.Select(n => n).ToList();
 
names2.ForEach(n => Console.WriteLine(n));

Pretty easy! Here we are actually using the SelectMany operator first in order to flatten the lists and then we are filtering it using a Where statement. Again, the Select here is not required, but I have thrown it in to be more explicit. What I am doing above though may hide a little bit of what is happening. In order to better show that you are actually passing an IEnumerable into SelectMany I am going to show you an example where we are splitting up a few sentences about the people in our list above. What we are going to do is to have a list of sentences, and then split those sentences into words.

var sentences = new List<string> {"Bob is quite excited.", "Jim is very upset."};

This is our list of sentences, and now we need to get our individual words out of this:

var words = sentences.SelectMany(w => w.TrimEnd('.').Split(' ')).ToList();

Here we do a SelectMany on our list of strings, and then we are removing the period from the end of the sentence, and then we split them on a space and the result of the call to “Split” is what SelectMany then operates on. If we took the Split off then it would simply treat each item as a String and then we would end up enumerating over each character like we did in our first example.

I hope that this has cleared up the SelectMany operator for you, and so now we have just one last thing to do which is to show you how to do a SelectMany using the native C# LINQ syntax. But, how do you do a SelectMany if there is no native query operator for it? Well, you do it by chaining from statements. That may sound weird, but check it out, it actually works quite well.

var words = from s in sentences
            from w in s.TrimEnd('.').Split(' ')
            select w;

See? You are simply funneling the first “from” into the second “from”. The reason why this works so well is that it lets you nest even further very easily. For example, what if we wanted each individual character from the above query.

var characters = from s in sentences
                from w in s.TrimEnd('.').Split(' ')
                from c in w
                select c;

Now all we did was split the words, and then select each character out of our list of words. Pretty sweet, and it can allow you to drill down into multiple levels of data very very easily. To me it also gives a good visual flow as to what is happening, but you don’t get any indication that a new operator is being involved.

Well, I hope this helps clear things up a bit, and I hope that you get some good use out of this!

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10 comments

  1. Care to pass on the source for your flavor of a foreach extension method. I have one but wondering how you implemented it since there are a number of different ways this can be done. Thanks,

  2. [quote]names1.ForEach(n => Console.WriteLine(n));[/quote]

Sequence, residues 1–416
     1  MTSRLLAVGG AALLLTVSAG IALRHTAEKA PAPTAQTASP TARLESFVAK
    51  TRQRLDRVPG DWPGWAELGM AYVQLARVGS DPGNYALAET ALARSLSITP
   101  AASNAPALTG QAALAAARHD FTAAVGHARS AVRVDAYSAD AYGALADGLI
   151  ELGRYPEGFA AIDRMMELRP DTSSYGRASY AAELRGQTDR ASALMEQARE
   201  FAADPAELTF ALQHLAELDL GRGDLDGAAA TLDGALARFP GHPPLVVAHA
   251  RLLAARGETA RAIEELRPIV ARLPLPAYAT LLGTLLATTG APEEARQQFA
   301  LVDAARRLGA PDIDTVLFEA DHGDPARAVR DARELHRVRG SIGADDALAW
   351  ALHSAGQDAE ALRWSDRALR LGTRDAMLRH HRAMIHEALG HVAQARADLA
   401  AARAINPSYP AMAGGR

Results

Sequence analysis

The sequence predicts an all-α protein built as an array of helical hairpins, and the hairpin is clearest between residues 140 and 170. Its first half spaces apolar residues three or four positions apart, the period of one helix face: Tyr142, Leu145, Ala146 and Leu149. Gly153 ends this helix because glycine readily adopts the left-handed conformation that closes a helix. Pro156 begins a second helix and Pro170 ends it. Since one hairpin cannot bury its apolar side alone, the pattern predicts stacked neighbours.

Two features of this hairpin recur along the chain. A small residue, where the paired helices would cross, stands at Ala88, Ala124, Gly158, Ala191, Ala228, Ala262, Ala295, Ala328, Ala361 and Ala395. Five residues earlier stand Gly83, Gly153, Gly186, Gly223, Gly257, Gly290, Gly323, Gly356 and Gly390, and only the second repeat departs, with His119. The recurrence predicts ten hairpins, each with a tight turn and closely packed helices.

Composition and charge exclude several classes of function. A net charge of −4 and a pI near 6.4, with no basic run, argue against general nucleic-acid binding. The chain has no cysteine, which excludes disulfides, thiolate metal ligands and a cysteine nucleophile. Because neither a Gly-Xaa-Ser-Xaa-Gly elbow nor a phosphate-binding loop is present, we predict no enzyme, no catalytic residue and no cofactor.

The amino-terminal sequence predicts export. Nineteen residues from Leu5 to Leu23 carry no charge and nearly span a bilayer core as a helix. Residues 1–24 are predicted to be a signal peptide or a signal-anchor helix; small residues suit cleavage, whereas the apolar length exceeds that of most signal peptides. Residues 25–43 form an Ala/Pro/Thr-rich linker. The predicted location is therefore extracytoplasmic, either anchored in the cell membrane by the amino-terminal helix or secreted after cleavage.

… can be simplified as:

    names1.ForEach(Console.WriteLine);

    Cheers.

  3. @Andy I’m just using the ForEach on the generic List<T>

    @Brent Awesome! Thanks!

  4. Justin, thanks. my oversight.

  5. @Andy No problem. I looked for it for a second before I realized that it was on the List<T> and not an IEnumerable<T> extension method as well. I just put up a quick post of the extension method though, so I can get some comments on it and so I will have it in the future.

    http://www.codethinked.com/post/2008/05/IEnumerable-ForEach-extension-method.aspx

  6. @Brent After I got excited when you showed me that, then I quickly realized that Console.WriteLine just fits the Action<T> delegate, then I felt somewhat sheepish. :)

  7. Cool. I’m going to go over it, and hope I can get SelectMany working with Brahma.

    Nice work.

  8. Hi Justin,
    I’ve been working on some other projects recently, and just got back to working on Brahma. Looking at the expression "forest" that some queries generate however confuses me :S.

    Let’s say I had a query like

    from vec1 in d
    from vec2 in e
    from factor in scaleFactors
    select new Vector2()
    {
    X = (vec1.X + vec2.X) * factor,
    Y = (vec1.Y + vec2.Y) * factor,
    };

    where d and e are IEnumerable<Vector2> and scaleFactors is an IEnumerable<float>. Simply put, given the resulting expression soup, how would I know that vec1 is element-wise on d, vec2 is element-wise on e and factor is element-wise on scaleFactors? I want to perform "kernel" (the kernel being the select bit) like operations on d, e and scaleFactors. I’d appreciate any light you can shed on this.

  9. I’ll have to dig into this later on this evening. I’ll let you know if I can help any.

  10. This is the best and most descriptive article with examples about the difference between SELECT and SELECTMANY in LINQ I have ever read. Thank you very much, Justin.